Two weeks ago, the Caltech Feminist Club was honored to co-host a visiting speaker, Dr. Jennifer Musto, for a talk about the technological methods used to combat sex trafficking. Dr. Musto is a professor of Gender Studies at Wellesley College, and is on sabbatical in LA at the moment, and graciously accepted our invitation to speak. The Feminist Club co-hosted with the Student-Activism Speaker Series (SASS, an organization run through the Caltech Y). About 60 people, both students and community members, attended the talk. It was an amazing turnout for a fantastic talk!
Dr. Musto has been studying trafficking in the US for years, and has just written a book about how the use of technology in the fight against sex and labor trafficking is both helpful and harmful. Dr. Musto gave us a thorough overview of both the scope and content of the trafficking problem in the US (potentially millions of victims, mostly in forced-labor situations). She also introduced the audience to a rather shocking idea: that the use of technology, and in particular data science, was not currently up for the job of solving this problem.
In particular, Dr. Musto described several data-driven tools that are out there right now, some created by concerned, technology-oriented citizens, that are used to help concerned groups or police officers identify victims of trafficking. These tools include web-scrapers (web-trawling bots) that work on sites like Back Page and Craigslist, looking for information that both indicates that sex trafficking is going on, and provides location information so that victims can be "rescued." Dr. Musto reminded us that not only is sex trafficking not the largest trafficking problem in the US (however, it disproportionately receives almost all anti-trafficking funding and programming in the country), but not all people involved with the sex trade are victims of trafficking. She introduced us to nuances about the topic that definitely could not be parsed with a simple web-scraper.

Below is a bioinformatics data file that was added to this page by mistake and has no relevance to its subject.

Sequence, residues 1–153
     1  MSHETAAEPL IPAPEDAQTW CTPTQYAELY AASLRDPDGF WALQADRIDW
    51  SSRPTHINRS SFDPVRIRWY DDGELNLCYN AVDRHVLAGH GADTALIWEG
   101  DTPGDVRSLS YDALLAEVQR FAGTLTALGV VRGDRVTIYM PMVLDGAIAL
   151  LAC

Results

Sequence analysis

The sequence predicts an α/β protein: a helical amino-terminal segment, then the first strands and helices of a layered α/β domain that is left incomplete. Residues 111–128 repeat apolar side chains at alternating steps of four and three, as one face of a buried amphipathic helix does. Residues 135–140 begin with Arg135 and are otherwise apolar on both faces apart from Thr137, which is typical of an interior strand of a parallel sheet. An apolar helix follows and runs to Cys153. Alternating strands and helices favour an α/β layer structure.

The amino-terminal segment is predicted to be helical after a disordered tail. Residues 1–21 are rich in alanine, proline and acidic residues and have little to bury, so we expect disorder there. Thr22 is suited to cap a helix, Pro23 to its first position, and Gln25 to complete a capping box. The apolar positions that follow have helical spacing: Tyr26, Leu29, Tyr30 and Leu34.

To be honest, the idea that technology couldn't solve a problem was mind-blowing to the audience (myself included). I feel like we are always taught, especially at Caltech, that what we are learning and the work we are doing will go on to solve huge problems, and that every problem in the world is solvable with the correct application of science. It was pretty shocking to hear that, although multiple organizations exist for combating trafficking using technology, no one had yet cracked the code. That's not to say that a complex issue like human trafficking cannot be combated using data science or other technological means, just that no one has done it yet. But of course, as Dr. Musto told us, to solve a complex problem involving lots of people and lots of choices, a significant amount of knowledge about the nuances of the problem is required. This knowledge must include information about the people involved, their choices and options, the context of their situation, and other information that a bot can't easily collect. Human trafficking is a deeply human problem, and yet most technological efforts to "solve" it don't take that humanity into account.
Her talk inspired me. What other problems are we trying to solve with code that are more complex than we assumed? How can we educate ourselves to this depth about every problem we try to solve, so that we know if we are overlooking important nuances?
I hope to organize more talks like this for the Feminist Club in the future, and perhaps take my inspiration from Dr. Musto's lecture and do something big with it...stay tuned!